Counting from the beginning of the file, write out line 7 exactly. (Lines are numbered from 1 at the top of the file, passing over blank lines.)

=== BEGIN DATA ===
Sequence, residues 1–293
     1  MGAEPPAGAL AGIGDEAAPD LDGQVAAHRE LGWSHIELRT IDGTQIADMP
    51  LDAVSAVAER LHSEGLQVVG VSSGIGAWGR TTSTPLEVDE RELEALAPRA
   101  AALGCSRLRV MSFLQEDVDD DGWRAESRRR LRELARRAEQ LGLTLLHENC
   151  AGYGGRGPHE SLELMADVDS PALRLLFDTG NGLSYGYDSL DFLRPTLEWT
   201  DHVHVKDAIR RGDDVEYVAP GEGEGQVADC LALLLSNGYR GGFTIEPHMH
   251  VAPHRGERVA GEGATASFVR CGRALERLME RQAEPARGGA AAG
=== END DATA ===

   251  VAPHRGERVA GEGATASFVR CGRALERLME RQAEPARGGA AAG